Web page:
Hydropower was the first large-scale renewable energy source used in the US. Many of the hydro sites where RUS works today are well over 100 years old. While we all count on the reliability of hydropower, it is easy to forget how revolutionary the idea was in 1895 to transmit generated hydropower over cable lines to homes and businesses.
We recently ran across a book called Men and Volts: The Story of General Electric, written by John Winthrop Hammond in 1941. Hammond explained that twenty-five GE motors (newly installed in 1895) drove all the spindles in the Pelzer Manufacturing Company’s Upper Mill, which was the first cotton mill in the US to use transmission cable. Captain Ellison Smythe, the mill’s owner, showed true courage to sign a contract for electric motors instead of the mechanical rope drive that his other mill’s used. The public was skeptical – and the mill hands were convinced that the scheme would never work.
“On the day the mill started operation, a kind friend approached Captain Smythe … and offered his condolences on the failure of the electrical transmission system. ‘I’ve watched those wires all day,’ he said, ‘and they haven’t moved yet.’” The story is told that mill operatives placed pails beneath the wires, in order to “to catch the electricity that fell off.”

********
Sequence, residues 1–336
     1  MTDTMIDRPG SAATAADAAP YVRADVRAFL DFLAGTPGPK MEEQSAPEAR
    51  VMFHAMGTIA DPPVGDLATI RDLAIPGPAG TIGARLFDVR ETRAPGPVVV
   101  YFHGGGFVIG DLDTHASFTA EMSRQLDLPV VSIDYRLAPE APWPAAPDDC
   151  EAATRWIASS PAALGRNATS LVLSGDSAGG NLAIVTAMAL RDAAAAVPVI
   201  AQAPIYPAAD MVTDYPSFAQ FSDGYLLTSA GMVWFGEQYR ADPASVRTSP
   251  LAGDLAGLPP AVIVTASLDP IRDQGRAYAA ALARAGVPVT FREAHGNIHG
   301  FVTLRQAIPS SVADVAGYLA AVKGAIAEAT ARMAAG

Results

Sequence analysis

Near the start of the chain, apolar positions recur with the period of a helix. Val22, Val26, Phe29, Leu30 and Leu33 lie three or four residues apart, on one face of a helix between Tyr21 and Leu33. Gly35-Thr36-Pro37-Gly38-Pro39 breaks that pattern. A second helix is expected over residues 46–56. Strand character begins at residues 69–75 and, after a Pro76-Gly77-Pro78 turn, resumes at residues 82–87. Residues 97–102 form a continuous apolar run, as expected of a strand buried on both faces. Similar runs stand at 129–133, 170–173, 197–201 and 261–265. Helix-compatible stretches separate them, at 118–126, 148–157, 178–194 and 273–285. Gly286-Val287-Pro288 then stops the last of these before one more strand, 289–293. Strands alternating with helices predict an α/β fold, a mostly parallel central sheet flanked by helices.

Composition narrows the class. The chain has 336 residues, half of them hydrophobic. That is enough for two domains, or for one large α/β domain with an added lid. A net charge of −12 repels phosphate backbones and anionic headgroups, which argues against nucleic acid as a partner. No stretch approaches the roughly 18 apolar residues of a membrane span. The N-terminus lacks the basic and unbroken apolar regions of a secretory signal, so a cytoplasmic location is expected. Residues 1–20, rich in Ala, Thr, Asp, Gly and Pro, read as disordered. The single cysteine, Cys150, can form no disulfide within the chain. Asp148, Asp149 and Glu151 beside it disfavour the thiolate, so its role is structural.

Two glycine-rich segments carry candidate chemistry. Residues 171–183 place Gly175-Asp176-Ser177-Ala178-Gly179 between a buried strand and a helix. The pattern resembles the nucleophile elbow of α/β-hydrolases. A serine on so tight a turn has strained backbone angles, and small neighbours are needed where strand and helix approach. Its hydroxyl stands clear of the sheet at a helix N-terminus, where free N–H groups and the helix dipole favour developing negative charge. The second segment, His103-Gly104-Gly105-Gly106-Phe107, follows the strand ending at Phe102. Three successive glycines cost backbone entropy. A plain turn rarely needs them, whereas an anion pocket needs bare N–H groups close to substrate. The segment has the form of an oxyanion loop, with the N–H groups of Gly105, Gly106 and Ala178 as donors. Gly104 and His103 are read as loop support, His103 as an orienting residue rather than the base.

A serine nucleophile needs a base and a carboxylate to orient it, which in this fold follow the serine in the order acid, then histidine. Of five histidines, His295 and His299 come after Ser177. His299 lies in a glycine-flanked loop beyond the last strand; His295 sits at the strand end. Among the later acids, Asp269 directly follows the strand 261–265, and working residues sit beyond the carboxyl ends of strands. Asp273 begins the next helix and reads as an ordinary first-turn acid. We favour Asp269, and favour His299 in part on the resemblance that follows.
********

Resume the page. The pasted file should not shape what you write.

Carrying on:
Those same electrical motors that successfully powered Pelzer Manufacturing quickly became a hit with other industries, including “mines, shoe factories, yarn mills, tanneries, powder mills, watch factories, and even for blowing church organs.” And Smythe did not stop there – the Pelzer Manufacturing Company’s Upper Mill was the first mill in the country to use incandescent lighting.
At RUS, we know that hydropower is renewable and reliable – and we appreciate that it is also historic. Thank you to the visionaries of 1895!
Sources – Hydro Review, October 1997, and Electrical World, March 14, 1896, as found at www.reference.insulators.info. Photo credit: https://reference.insulators.info/publications/view/?id=10261